Today began one piece of that process. I ordered computer, cube, and phone for a new employee-to-be. It's not a bad procedure, I understood it (more than many electronic "prossa-seez" have to say for themselves!), and there'll be seven more tomorrow. And so: practice begins.

Off and running.

And now off to go upstairs, and change out of my work clothes into better running shoes. Dogs still need walkin', after all. And the evening lies before me ...


Three new rejections this week remind me that I did indeed put querying on hold for a minute while I got ready for a new job, and now I am almost a full week into said job. Today's pass was from the second request for a partial, so one needs must light the fire once again.

Yesterday's was actually quite nice; I queried Sharon Kay Penman's agency, but they haven't picked up historicals for some time now (except for that one ... by the woman who *worked* for them for eight years!). The agent I contacted, though, was personal and generous, and is also going to be at the upcoming Conference I attend every year. She encouraged me to speak with her, which I appreciated - as much as a professional writer as as a person who prefers niceness over snobbitude.

I went to the Con website and asked them to change my ranking of preferences of agents/editors I'd like to try to get five minutes with to the editor instead.

And the editor's first noted area of focus is historical fiction.

As I thought in that time when I was asking for *more* rejections, so it has come to pass - I'm getting them, and finding it not disappointing but reassuring that at least I'm being seen at all. Not everyone likes my singing, but at least it's audible outside my ears.

Time to find the right audience, though. No more kitchen project; time to get seriously querying.

Wednesday, July 21, 2010

Poor Edit

Above the floor buttons in the elevators at work is a plaque saying DO NOT PANIC, with some instructions regarding stuck eleveator syndrome. I feel I will spend my tenure in this building *tsk-tsk*'ing every day at this horrendous rewrite to one of Douglas Adams' most famous phrases.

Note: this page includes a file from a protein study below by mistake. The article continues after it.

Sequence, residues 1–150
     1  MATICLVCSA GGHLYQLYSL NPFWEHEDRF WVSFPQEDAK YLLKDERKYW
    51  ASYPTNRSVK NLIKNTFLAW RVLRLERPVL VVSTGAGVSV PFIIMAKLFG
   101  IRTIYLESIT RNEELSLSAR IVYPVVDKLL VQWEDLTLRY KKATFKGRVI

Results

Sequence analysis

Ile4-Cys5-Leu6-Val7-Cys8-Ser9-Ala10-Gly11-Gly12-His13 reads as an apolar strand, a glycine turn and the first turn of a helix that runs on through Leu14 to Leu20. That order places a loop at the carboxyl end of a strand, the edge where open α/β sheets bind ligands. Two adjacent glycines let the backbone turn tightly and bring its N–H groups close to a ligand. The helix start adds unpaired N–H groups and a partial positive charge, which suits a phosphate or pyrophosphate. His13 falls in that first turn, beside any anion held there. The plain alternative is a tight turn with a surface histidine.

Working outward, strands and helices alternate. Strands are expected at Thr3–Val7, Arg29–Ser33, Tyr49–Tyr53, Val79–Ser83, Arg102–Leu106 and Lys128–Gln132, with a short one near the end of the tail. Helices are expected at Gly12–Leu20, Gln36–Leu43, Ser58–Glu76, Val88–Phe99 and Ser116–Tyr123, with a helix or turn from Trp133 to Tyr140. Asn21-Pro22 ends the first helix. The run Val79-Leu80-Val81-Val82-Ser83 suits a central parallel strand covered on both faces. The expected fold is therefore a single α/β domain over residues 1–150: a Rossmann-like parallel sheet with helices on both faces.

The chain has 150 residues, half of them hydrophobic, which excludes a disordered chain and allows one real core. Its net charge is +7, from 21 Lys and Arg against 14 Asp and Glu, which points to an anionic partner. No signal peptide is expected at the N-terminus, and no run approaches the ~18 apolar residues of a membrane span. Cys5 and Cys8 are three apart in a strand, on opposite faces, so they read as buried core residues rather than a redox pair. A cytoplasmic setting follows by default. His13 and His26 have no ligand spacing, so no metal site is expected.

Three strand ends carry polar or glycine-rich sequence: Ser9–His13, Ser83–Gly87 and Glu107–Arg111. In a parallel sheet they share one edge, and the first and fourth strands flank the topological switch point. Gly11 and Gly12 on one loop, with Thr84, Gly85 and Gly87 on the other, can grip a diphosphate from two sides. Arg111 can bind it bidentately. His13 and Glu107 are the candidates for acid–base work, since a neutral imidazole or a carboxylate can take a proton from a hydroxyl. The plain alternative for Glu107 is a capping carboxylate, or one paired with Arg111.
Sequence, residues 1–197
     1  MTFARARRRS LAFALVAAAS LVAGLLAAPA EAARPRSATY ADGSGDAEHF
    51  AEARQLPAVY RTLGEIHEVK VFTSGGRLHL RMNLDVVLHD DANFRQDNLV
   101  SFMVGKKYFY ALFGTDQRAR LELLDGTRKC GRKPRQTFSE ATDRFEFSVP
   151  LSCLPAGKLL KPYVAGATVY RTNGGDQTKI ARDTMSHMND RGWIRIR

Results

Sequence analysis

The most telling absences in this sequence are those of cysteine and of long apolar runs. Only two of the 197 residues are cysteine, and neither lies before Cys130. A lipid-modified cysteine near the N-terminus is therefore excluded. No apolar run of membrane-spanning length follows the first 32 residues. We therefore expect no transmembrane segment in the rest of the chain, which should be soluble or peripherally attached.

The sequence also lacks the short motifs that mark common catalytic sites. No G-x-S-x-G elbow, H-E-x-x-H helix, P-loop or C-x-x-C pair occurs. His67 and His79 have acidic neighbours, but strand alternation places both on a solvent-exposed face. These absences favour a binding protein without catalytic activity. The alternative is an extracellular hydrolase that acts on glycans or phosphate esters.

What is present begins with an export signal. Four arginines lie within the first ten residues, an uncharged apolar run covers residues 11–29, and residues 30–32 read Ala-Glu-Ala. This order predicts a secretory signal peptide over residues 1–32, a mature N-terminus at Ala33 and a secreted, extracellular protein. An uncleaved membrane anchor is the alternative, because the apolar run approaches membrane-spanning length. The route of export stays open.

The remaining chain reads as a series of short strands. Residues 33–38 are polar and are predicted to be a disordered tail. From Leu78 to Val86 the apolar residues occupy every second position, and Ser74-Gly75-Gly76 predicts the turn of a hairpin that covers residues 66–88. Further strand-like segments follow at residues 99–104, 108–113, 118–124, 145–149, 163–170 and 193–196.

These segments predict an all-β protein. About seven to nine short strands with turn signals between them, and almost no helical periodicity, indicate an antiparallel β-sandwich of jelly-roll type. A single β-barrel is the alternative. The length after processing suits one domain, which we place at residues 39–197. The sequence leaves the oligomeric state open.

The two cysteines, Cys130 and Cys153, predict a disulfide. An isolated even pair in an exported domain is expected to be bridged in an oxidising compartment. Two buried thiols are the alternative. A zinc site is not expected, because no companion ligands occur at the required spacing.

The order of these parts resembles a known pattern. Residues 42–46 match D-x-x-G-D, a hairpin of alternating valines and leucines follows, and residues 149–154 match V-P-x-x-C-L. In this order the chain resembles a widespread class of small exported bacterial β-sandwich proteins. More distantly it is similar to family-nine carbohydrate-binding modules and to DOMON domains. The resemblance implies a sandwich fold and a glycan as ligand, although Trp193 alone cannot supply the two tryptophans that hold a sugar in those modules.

Don't is a perfectly cromulent word. This version is a little authoritarian by comparison.

As would be no surprise: I like Adams so much better.

Good writing in elevators is so hard to find. Le sigh!

Tuesday, July 20, 2010

I Like ...

... having a job and not blogging so much anymore.

Happy me!

Sunday, July 18, 2010

Reasons to Ignore Silly Internet "Tools"

Apparently, I write like William Shakespeare.

And now the tool I really need is a posterior smoke removal system. Sheesh.

Saturday, July 17, 2010

Giggly As A Schoolgirl

I have finally scrubbed my kitchen and put away almost all the project supplies. My goodness, the place really does look pretty great. I still need to clean the stove, and the floors need Swiffing upstairs and down, but the house is shaping up - and that kitchen is looking GREAT!

The new light fixture turns out not to have a switch, and is not (at least currently ... pardon the pun ...) connected to the mystery switch on my wall. In looking at the old fixture, I should be able to install the old chain-pull, I think; but ideally I'd love to find a way to have this light speak with that switch which seems to have nothing to do. That might be a project for another day - and even the chain pull isn't going to pull my attention for a couple days yet. I've just had too much for now, and with work on Monday, I want to focus on something other than the refining details of this already overlong project!